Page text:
Wednesday, March 12, 2014

Drinking on Purim

I know I have readers who dislike the annual post on the theme of Drinking on Purim. Sorry.


On Purim we celebrate the ultimate joy of a sudden national rescue, and our sages have taught that we should imbibe alcohol at the Purim Seudah as part of this celebration. Just as we abstain from various foods and from drink at certain times of the year to induce sadness, so we indulge in various foods and in drink at other times of the year, to induce joy. The gemara’s standard for imbibing is to drink until we cannot tell the difference between “Cursed is Haman” and “Blessed is Mordechai” (Megilah 7b).

Authorities differ on how much to drink, but the following is clear: An adult who is medically, psychologically and emotionally able to drink, and who has a designated driver, should drink some amount of alcohol - preferably enough that he will feel lightheaded (Shulchan Aruch, Orach Chaim 695:2). One should enjoy his Purim meal relatively early in the afternoon, drink a little, and then sleep off the effects of the alcohol.

Many people, and I include myself in this number, have embraced the practice of drinking minimally at the Purim Seudah and then fulfilling the state of intoxication by taking a nap after the meal. This approach is sanctioned by the Rama (Shulchan Aruch Orach Chaim 695:2). One might consider doing the eating/drinking/nap before participating in a communal seudah.

I know the following is obvious, and I apologize for taking your time with it, but if my blog has any reach at all then I feel an obligation to state this obvious point. Please:

1) There is no reason to give alcohol to minors who are pre-bar mitzvah to drink on Purim. It is not necessary for their fulfillment of any mitzvah. The practice might be secularly legal as sacramental wine - consult an attorney - but it is a foolish and dangerous ritual and therefore prohibited as endangering our children as well as violating our obligation of chinuch for our children.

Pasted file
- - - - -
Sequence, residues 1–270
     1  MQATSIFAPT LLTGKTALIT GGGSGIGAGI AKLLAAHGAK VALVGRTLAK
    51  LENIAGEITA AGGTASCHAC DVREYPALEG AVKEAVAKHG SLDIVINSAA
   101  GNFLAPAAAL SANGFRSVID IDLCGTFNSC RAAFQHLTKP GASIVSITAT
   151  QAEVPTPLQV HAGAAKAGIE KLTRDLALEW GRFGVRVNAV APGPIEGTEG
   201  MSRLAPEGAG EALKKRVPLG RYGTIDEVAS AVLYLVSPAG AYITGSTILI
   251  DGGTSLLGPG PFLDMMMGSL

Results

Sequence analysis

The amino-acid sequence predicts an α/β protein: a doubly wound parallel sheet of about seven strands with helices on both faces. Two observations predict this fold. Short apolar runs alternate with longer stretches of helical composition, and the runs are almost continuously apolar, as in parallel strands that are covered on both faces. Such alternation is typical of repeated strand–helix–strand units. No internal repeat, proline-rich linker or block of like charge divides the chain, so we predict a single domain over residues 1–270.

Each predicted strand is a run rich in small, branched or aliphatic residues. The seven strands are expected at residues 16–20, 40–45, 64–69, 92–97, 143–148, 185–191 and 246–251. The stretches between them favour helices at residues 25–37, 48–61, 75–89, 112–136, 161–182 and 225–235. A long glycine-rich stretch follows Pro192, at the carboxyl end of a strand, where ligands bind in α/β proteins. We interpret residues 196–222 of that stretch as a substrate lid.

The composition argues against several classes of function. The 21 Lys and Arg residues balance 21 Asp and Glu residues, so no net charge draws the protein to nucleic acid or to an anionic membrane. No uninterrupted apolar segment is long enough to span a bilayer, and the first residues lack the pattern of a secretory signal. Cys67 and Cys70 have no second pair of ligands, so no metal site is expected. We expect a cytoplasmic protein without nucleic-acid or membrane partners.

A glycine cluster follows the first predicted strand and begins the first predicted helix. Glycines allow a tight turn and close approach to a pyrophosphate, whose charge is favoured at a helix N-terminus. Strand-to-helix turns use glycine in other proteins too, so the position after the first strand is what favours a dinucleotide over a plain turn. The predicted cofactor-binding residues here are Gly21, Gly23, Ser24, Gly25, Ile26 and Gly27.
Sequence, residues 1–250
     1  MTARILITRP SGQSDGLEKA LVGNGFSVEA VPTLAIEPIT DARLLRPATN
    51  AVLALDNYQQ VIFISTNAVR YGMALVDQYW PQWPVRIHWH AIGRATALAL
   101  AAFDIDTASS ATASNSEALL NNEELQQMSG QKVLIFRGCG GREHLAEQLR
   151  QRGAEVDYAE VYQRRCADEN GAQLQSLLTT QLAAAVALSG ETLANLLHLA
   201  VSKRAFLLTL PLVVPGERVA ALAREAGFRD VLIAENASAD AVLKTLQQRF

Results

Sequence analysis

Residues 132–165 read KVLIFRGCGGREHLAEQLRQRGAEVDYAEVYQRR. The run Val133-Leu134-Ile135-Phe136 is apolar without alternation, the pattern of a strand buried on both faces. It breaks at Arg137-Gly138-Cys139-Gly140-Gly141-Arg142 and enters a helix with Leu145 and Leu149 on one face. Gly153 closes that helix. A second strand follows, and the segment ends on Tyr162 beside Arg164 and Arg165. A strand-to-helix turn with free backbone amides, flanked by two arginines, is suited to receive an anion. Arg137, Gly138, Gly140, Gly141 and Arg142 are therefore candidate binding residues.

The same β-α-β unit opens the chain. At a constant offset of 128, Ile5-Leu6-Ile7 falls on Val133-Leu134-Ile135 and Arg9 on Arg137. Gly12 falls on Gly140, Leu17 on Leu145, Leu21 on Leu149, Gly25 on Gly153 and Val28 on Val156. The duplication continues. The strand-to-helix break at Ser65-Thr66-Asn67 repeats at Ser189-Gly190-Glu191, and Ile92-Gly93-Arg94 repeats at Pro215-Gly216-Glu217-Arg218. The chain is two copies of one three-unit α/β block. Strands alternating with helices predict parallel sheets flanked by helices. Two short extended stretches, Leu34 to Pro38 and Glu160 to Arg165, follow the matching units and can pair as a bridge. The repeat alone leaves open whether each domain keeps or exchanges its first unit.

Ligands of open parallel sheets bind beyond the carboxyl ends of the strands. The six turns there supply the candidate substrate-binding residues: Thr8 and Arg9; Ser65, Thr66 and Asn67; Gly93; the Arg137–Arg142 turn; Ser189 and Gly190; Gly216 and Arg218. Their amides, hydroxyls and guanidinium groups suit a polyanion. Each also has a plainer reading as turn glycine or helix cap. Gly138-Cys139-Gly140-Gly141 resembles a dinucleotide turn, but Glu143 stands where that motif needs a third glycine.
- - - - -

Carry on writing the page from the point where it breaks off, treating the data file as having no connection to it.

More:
I do believe there is a difference between giving children under the age of obligation in mitzvot a taste of wine from the formal Shabbat Kiddush (not the one in shul; I mean the one at dinner/lunch!) and engaging them in Purim drinking. The former is a formal setting, and no one (I hope) is drinking to get a buzz. On Purim, though, because the general drinking is more loose and more geared toward celebration, I believe that the rule should be that children drink no alcohol at all.

2) If your own child is a minor, but older than bar mitzvah, and able to handle a small amount of wine, then it makes sense to help your child fulfill the mitzvah with a small amount, in a supervised setting, assuming this is legal in your jurisdiction.

3) I believe adults should not drink on Purim in the presence of young children, beyond what would normally be consumed at a meal on Shabbat. As I see it, immature children cannot tell when we are in control and when we are not, cannot comprehend the dangers associated with alcohol, cannot accept the idea that adults can do what children are not permitted to do, and cannot understand the difference between Purim and the rest of the year.